Don’t even think of going anywhere without travel insurance
In fact most countries won’t grant you a visa without travel insurance. Travelstart’s got you covered with International travel insurance which covers emergency medical and related expenses up to R20 million. Premiums are calculated at a rate of R28 per day and include 20% commission.
Be aware of potential health threats
The Zika Virus
Image courtesy of Tom via Flickr
Fears of the dangerous mosquito-borne virus Zika are flooding our news feeds.
What is it?
The Zika virus is caused by a virus transmitted by Aedes mosquitoes. It can also be transmitted sexually by someone who is infected.
Zika was first discovered in the 1947 in Uganda but has recently made headlines in various countries in South America because of suspected links to birth defects in children.
Symptoms to look out for:
The World Health Organization reports symptoms that can include mild fever, skin rashes, conjunctivitis, muscle and joint pain, malaise or headache. These symptoms normally last for 2-7 days.
Is there a treatment or vaccine?
No, none currently available.
The best prevention, as with Malaria, is to prevent mosquito bites with mosquito repellant (people travelling to high-malaria areas are advised to take anti-malaria tablets several weeks before departure).
Watch out for the Zika virus:
In Africa, the Americas, Asia and the Pacific.
This is a similar mosquito-borne viral disease but luckily there is an effective yellow fever vaccine available.
Which countries require a yellow fever vaccination?
Image courtesy of NIAID via Flickr
Most countries in South America have a compulsory yellow fever vaccination requirement. Don’t forget to have this done before you depart on your trip. These are easily available at any travel health clinic or can be arranged through your family doctor.
Several other countries require the vaccination if you are coming from a country where Yellow Fever is endemic. For a comprehensive list of these countries check here.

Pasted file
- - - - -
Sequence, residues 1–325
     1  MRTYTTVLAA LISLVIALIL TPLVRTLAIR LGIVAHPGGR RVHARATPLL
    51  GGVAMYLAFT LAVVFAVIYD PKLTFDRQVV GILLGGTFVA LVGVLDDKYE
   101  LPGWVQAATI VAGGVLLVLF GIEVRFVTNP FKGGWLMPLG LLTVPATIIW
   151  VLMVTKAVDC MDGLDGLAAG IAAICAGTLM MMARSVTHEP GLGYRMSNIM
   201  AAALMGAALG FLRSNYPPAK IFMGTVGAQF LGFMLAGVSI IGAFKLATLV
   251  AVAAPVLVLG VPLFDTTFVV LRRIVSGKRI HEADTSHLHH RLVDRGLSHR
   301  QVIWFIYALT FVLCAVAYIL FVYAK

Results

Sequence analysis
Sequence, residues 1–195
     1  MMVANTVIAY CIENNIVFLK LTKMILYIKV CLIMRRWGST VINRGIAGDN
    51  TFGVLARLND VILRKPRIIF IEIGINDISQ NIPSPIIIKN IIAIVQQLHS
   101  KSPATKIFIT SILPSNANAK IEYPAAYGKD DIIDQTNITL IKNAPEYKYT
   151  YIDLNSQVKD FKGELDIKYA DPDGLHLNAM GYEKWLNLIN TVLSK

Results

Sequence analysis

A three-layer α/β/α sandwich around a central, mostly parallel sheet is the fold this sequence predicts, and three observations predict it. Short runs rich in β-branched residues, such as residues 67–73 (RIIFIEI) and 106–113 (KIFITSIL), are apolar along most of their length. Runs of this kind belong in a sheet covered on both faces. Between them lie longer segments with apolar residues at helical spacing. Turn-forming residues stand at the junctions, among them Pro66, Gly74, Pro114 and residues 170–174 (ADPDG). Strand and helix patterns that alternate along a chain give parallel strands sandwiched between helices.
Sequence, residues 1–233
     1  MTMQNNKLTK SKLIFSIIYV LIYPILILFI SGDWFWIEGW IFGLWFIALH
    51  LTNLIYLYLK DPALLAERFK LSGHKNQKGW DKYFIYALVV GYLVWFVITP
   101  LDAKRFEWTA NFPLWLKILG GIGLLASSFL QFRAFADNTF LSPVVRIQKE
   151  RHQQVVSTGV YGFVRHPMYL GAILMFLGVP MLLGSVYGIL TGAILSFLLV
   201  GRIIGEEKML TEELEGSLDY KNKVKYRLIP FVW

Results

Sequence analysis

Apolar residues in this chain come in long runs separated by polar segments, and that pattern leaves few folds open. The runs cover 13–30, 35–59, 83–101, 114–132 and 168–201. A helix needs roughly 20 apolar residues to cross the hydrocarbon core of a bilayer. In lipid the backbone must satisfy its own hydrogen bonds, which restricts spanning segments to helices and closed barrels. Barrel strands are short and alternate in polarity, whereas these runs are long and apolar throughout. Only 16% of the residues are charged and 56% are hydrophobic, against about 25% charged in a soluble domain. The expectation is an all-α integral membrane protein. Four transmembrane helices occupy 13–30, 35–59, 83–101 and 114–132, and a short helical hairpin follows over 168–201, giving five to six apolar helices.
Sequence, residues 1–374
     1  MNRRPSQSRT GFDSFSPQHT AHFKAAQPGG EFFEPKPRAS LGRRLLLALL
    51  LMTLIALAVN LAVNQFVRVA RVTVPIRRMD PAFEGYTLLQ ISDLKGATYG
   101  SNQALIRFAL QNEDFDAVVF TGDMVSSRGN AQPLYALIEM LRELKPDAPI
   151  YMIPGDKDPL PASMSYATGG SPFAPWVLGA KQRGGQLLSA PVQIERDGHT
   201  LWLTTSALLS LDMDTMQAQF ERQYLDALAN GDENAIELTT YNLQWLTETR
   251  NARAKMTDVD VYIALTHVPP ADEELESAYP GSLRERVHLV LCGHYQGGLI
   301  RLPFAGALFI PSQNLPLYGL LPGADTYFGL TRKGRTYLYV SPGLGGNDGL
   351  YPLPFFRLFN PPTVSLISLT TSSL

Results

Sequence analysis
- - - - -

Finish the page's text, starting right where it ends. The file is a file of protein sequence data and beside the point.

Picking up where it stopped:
Image courtesy of weather.com
A simple app on your smart phone can tell you whether the pollution that day in L.A. or Shanghai (or wherever you happen to be) is too high. This means you can cancel your jog and find something else to do that’s healthier for your lungs. This is an essential app for asthma sufferers.
AirforU is the best air-quality checking app in the U.S. and”Air Quality China” is essential if you’re planning a trip to a major Chinese city.
If you are visiting on a day when the air pollution is particularly bad then wearing a mask over your nose and mouth can help greatly. These are even considered a fashion statement in countries with frequent high-levels of pollution.
In countries renowned for sometimes dodgy street food it pays to be strict about drinking bottled water (even brushing your teeth with it) and only eating from places which have clean kitchens and don’t use contaminated water to clean their vegetables.
Take recommendations from frequent travellers on online forums about safe places to eat or just pick a place which has a high turnover and many hungry customers.
We hope you found these how to stay healthy travel pointers useful and wish you safe travels.